The Program Committee for The Ninth Annual Graduate Student Conference in African Studies, Boston University, March 23-24, 2001 invites proposals for this interdisciplinary conference intended for students at all levels of their graduate careers. Participants are welcome to present thesis chapters, works in progress, methodological papers, or simply outlines of dissertation proposals. The setting will be friendly and informal. Abstracts should be submitted by mail and must include the author's name, address, institutional affiliation, e-mail address and phone number and are due February 9, 2001. Send abstracts to Graduate Student Conference, African Studies Center, 270 Bay State Road, Boston, MA 02215. For more information visit the Conference website at http://www.bu.edu/afr/gradconf or send an e-mail to firstname.lastname@example.org or email@example.com. There is a $10 conference fee, payable by check to the African Studies Center.
Children of the World: Risk and Hope
The Ohio University Center for International Studies is pleased to announce the conference Children of the World: Risk and Hope, April 5-8, 2001, Ohio University, Athens, Ohio. This international and interdisciplinary conference explores the theme Children Throughout the World. The first two days of the Conference will be devoted to the African Girl Child, while the other two days will address international children's issues. Topics to be addressed include but are not limited to Child Labor, Child Soldiers, Early Childhood, Education, Gender, Health, Human Rights, Media, Poverty, Public Policy, Refugees, Street Children, and War. Students, teachers, development practitioners, health care professionals, community activists, and others who work with children are encouraged to submit a one page, single spaced abstract by February 16, 2001. Include a cover sheet with the paper's title, author's name, institutional affiliation, address, phone number and e-mail address. If you would like to organize a panel presentation, please send a one- page abstract for the panel and a cover page listing the above contact information for each of the panelists. Send all contribution to Catherine Cutcher, Center for International Studies, Ohio University, 56 E. Union Street, Athens, OH 45701. Phone: (740) 597-1511. Fax: (740) 593- 1837. E-mail: firstname.lastname@example.org.
African Cross-Currents in Atlantic Cultures
Scholars of African ethnicities and cultures in the Diaspora are invited to apply for a one-year postdoctoral teaching and research fellowship at the Carter G. Woodson Institute's Center for Advanced Studies of Race, Ethnicity, and Society in Africa and the Atlantic World at the University of Virginia, to begin August 1, 2001. The Center is particularly interested in projects related to West and Central African ethnicities and cultures. Funded by the Ford Foundation, this teaching and research fellowship is designed to advance individual scholarship while facilitating the reconceptualization of African and African-American Studies through interdisciplinary collaboration. The competition is open to qualified candidates without restriction to citizenship or residence. Applicants must have been awarded their Ph.D. by the time of application or furnish proof that it will be received by June 30, 2001. The application deadline has been extended to February 15, 2001; all materials must be postmarked by that date. Forms are available at: http://www.virginia.edu/woodson/programs/cas. For more information contact: Carter G. Woodson Institute for African-American and African Studies, University of Virginia, P.O. Box 400162, Charlottesville, VA 22904-4162. Phone: (804)924-8889. Fax:(804) 924- 8820.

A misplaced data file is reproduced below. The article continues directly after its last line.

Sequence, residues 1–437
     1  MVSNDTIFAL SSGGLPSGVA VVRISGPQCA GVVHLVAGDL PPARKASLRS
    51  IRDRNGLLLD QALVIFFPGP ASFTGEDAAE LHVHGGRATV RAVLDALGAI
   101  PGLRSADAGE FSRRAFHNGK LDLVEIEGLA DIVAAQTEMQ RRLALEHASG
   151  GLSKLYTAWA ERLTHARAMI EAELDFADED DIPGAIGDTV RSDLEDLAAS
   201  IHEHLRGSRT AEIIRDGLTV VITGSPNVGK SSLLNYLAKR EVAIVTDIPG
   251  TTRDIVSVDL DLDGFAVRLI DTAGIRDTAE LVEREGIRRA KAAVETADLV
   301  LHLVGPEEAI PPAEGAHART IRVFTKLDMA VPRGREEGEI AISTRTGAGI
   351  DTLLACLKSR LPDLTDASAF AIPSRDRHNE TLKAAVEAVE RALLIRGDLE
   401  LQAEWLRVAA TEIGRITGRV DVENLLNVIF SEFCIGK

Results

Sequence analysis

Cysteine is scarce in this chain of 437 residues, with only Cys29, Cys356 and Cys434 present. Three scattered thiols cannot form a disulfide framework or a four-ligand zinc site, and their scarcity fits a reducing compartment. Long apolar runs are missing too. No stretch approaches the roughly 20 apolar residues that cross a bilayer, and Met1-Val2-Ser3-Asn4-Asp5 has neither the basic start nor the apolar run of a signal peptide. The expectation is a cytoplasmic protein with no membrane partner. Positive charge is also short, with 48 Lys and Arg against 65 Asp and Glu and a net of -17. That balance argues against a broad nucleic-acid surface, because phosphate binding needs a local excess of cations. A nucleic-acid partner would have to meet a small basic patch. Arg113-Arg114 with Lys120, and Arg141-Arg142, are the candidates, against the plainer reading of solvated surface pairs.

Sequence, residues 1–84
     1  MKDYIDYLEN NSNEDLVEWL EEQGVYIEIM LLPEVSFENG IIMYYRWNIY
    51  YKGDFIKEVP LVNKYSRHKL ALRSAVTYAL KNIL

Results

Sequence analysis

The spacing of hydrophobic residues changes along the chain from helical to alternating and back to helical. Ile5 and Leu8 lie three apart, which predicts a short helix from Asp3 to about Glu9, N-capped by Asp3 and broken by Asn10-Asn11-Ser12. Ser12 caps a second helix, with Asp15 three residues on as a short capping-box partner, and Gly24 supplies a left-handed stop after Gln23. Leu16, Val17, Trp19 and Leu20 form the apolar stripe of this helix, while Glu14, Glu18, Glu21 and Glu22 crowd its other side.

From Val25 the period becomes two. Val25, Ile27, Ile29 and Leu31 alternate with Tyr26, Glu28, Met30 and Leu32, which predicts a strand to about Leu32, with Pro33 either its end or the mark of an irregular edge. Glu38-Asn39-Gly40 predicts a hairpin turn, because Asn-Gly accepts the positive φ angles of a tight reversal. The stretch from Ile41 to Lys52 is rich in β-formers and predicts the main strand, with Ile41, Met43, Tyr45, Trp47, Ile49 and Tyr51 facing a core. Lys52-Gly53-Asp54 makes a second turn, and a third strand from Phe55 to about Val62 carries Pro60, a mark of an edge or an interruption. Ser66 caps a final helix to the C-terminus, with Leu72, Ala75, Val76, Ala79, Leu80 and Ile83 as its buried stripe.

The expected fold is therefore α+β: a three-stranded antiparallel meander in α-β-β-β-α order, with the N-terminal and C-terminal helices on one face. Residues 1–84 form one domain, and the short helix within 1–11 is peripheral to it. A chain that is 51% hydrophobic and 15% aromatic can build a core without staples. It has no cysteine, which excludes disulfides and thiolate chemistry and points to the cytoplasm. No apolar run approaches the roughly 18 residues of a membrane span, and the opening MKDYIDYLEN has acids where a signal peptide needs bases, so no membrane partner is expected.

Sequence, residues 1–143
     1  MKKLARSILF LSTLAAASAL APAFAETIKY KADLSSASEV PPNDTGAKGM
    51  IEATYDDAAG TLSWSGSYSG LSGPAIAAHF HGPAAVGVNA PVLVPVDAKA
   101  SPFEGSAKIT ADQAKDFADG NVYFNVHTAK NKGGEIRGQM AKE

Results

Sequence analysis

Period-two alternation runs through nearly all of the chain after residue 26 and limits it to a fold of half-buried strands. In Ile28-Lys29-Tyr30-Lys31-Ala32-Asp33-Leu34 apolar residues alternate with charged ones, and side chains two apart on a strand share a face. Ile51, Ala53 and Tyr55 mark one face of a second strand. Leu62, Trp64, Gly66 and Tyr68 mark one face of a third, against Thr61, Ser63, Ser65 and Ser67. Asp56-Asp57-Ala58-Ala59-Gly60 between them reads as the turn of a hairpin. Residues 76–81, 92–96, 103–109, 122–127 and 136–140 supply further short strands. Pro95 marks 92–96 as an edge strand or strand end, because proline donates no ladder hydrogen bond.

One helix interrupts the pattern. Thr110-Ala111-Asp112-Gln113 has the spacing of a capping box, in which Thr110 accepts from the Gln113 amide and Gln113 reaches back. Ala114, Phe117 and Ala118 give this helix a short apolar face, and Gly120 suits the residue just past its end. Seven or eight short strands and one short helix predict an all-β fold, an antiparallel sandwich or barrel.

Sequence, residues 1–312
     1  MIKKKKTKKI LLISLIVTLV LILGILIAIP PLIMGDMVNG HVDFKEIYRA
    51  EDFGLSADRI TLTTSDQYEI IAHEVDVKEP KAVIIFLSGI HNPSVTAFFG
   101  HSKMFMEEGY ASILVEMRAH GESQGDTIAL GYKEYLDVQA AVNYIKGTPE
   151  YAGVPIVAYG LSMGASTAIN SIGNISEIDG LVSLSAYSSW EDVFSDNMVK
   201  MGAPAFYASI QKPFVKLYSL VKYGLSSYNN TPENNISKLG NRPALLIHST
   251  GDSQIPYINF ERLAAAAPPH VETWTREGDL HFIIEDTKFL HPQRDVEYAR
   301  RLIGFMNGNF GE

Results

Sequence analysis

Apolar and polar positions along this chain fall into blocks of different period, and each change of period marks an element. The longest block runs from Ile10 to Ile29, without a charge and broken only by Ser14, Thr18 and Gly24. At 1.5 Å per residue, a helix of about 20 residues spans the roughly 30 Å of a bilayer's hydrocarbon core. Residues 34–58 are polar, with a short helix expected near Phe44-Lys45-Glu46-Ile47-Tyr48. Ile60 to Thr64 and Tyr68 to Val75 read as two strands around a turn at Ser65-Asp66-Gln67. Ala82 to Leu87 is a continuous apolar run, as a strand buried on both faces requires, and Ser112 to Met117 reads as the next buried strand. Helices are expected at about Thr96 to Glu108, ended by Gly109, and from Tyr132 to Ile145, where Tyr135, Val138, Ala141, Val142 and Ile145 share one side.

Structural/Civil Engineer Mozambique
Save the Children is looking for a qualified structural/civil engineer with overseas disaster management experience (ideally with an NGO) with knowledge of earth road design and construction. The successful candidate will work as part of the existing team ensuring that two large health centers are completed to the highest quality and on schedule. The candidate must possess the necessary diplomatic skills required when liasing with governmental authorities, possess proven ability to work closely with government partners and communities and have a willingness to travel extensively in difficult conditions. The candidate should have administrative and organizational skills and be familiar with writing reports. Knowledge of Portuguese or Spanish and of rudimentary water supply and drainage will be advantageous. The deadline is January 28, 2001. For details and an application visit: http://www.savethechildren.org.uk/vacancies or contact Thomas Hladik, Overseas Personnel Officer Recruitment, The Save The Children Fund, 17 Grove Lane, London SE5 8 RD United Kingdom. Phone: +44+20 703-5400 ext 2499. Fax: +44+20 7793 7614, E- mail:email@example.com.
Message-Id: <firstname.lastname@example.org> Date: Fri, 12 Jan 2001 16:19:22 -0500 From: MSU African Studies Center <email@example.com> Subject: Tuesday Bulletin No. 2